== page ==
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The Sub - Continental Drift
Music Notes from India. Here we review gear and music that is available, or will soon be available in India. This section will also deal with 'budget audiophile gear' made in the subcontinent as well as more serious contenders. Occasionally, one may find reviews of live shows as well!
India showing signs of Vinyl Flu
The vinyl Flu virus is finally catching on in India. With India's first Vinyl release after 6 years, Jhootha Hi Sahi (original movie soundtrack), might just be the release that starts a trend.
The last film soundtrack (or any recording) to be released on vinyl was the soundtrack of Veer Zaara, 6 years ago. This too was just done to create hype around the movie as it was period film.
So, if we really look at it, the last Vinyl to be released in the true sense was in 1990. For a super hit film called Beta (Son); starring a much younger Anil Kapoor (the bad guy in Slumdog Millionaire).
I know, I know, all these names would sound like Sanskrit to all of you, but hold up a bit. Continue reading as I am trying to make a point...
India used to press its own LP's—right from the soundtracks of its gigantic film industry, to the ever popular Beatles, Rolling Stones, Janis Joplin, Fairport Convention, Quicksilver Messenger Service, The Doors, The Animals, The Pussycats, ABBA, Boney M, Ella Fitzgerald... you name it!
In my collection I even have audio books of Panchtantra (it's like Aesop's Fables)! So, you see, the Indian music industry was 'quite' matured. When it comes to hardware one will still find a lot of Linn Sondeck LP 12's, Gerard 301 AND 401, Thorens TD 124 AND 125 apart from the more mass market Dual's, Technics, Lenco's!
Music in India – a cultural overview
In India, most music used to be classical based. The truly big names from the Indian Classical music stable have their own Gharanas (literally translated as 'Houses' but if we transliterate it, it would mean traditional house form...)
These masters would perform live or get their compositions recorded as an album. Their students (and on very rare occasions) the master himself would sing, compose or direct the music for a film. By and large, films being a more 'commercial' art form, the music would have to follow suit.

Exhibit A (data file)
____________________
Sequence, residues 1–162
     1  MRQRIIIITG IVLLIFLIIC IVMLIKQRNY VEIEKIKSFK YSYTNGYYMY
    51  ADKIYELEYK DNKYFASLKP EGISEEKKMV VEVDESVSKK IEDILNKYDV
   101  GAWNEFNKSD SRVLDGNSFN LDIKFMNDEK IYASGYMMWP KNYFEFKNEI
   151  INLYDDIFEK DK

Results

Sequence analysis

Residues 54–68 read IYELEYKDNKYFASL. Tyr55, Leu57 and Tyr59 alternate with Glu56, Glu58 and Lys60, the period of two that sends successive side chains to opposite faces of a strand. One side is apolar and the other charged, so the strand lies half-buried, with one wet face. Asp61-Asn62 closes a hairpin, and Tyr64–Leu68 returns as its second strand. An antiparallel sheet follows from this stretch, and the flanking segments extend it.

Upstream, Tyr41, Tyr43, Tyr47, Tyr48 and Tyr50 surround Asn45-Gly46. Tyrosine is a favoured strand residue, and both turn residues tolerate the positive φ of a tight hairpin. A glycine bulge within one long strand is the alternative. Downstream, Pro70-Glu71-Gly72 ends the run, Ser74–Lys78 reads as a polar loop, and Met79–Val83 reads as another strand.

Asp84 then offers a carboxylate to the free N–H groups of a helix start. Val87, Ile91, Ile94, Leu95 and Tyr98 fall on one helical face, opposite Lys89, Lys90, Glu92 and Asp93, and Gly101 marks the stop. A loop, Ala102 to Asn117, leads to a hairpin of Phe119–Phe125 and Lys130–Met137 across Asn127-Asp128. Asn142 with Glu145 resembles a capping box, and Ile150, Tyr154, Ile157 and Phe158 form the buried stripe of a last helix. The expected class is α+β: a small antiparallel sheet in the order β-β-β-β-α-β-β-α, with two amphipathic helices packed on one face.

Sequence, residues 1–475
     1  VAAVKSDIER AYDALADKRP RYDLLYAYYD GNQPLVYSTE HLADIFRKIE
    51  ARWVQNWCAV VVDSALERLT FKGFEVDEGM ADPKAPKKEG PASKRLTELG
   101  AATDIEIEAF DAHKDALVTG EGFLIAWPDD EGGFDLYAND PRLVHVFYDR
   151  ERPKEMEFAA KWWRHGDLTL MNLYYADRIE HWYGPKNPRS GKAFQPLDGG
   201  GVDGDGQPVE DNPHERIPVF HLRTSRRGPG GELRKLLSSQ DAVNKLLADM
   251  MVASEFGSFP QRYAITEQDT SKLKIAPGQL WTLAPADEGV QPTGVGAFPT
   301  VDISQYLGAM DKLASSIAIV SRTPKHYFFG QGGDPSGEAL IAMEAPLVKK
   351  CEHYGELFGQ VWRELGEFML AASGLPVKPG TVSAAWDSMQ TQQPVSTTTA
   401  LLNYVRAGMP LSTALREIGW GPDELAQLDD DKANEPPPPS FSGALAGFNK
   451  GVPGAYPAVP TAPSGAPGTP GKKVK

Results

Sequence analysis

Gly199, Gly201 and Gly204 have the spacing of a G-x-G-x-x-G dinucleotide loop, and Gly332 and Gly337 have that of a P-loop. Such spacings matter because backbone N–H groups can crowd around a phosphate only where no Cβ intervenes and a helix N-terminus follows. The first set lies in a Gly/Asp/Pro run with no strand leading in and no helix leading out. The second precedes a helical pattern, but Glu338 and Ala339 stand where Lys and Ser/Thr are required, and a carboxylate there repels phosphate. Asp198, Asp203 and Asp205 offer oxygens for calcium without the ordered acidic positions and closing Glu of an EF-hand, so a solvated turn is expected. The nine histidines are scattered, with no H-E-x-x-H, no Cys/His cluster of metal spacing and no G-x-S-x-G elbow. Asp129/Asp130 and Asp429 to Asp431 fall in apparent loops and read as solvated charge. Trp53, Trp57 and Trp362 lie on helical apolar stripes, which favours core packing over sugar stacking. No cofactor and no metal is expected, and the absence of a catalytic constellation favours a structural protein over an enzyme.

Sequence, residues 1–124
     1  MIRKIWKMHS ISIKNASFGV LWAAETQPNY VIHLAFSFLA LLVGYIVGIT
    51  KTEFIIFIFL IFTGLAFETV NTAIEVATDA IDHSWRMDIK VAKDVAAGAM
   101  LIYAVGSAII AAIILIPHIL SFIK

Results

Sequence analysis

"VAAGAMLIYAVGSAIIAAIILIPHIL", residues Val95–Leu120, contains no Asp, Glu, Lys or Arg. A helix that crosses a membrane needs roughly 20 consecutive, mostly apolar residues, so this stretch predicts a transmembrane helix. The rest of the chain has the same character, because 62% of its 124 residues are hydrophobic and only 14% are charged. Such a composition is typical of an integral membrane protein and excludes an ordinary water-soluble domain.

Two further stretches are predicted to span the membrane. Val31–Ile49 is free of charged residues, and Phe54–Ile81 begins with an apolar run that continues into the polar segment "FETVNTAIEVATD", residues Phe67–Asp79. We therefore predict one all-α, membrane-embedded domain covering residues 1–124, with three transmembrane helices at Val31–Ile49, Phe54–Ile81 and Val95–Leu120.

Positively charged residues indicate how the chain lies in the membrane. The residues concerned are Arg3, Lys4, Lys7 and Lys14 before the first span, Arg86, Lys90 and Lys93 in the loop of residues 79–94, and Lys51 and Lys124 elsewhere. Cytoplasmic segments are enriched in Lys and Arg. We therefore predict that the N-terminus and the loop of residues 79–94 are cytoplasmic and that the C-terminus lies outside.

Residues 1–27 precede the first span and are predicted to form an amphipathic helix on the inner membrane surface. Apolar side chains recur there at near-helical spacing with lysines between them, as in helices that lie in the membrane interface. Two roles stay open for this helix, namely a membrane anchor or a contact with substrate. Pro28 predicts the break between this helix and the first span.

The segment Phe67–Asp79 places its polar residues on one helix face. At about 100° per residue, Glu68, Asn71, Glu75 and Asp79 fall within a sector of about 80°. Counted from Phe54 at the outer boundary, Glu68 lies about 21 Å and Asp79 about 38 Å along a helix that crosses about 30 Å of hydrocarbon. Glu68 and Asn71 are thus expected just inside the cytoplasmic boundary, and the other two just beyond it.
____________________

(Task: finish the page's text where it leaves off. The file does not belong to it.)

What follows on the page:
This is why these very serious masters would avoid working on film music projects. Unlike the western world where musicals are not made that often, the Indian film industry specializes in weaving song themes to EVERY film. On very rare occasions a film or two has been made without songs, and it has been a disaster as far as collections are concerned...
This became the way in which 'Pop' evolved in India. So we don't really have any POP stars. The last few years, though, we've seen some acts trying to do POP independent of film, but there is still time for that market to develop.
The voices on the soundtracks, however, are the 'Pop' stars of India!
Off late, many youngsters here seem to have taken to the LP sound. The 'pre-owned' hawkers who used to sell the covers as rock 'n roll novelty to the passerby's ( and the whole deal to 'nut cases' like me) seem to doing better and better business.
I know this because, earlier I used to see myself reflected in their eye balls as a bank vault ATM machine. Now-a-days, I see myself reflected as a much smaller ATM vending machine.
The bright side to this is the fact that some of the bigger stores have started ordering more of the international music catalogue on LP! Four months ago, I actually had the pleasure to browse through a rack that had 75, fresh, sealed LP's in my own country.
It felt awesome!
A quick review of "Jhootha Hi Sahi"
Music: 2 hoots (5 being the maximum)
Quality of pressing: 4 hoots (no soundstage to speak of)
Overall comment: worth a spin if you're into Bollywood music.
Manav is an advertising writer, running his own ad agency out of Mumbai and New Delhi. He loves a wide range of music and has on many occasions been accused of being an audiophile. He has stopped defending the accusations...
Digital Source: Rotel RCD 991 (Soon to be upgraded, still looking for that 'great' CDP)
Analogue Source: Clearaudio Ambient + Satisfy CF + Clearaudio Concerto MC Cartridge
Preamp: JRDG Coherence II
Phono Preamp: Ray Samuels F-117 Nighthawk
Poweramp: Krell FPB 200
Speakers: B&W M 801 S3
IC's: Audioquest Diamond XLR + Van Den Hul 'The Second' XLR + Cardas Hexlink Golden 5-C (single ended)
Speaker Cables: Cardas Hexlink Golden 5-C (Soon to be upgraded, still looking for the right fit...)
Power Cords: Shunyata Taipan Hexlinx + XLO Ref 2)
Software: 1200 LPs & 3000 CDs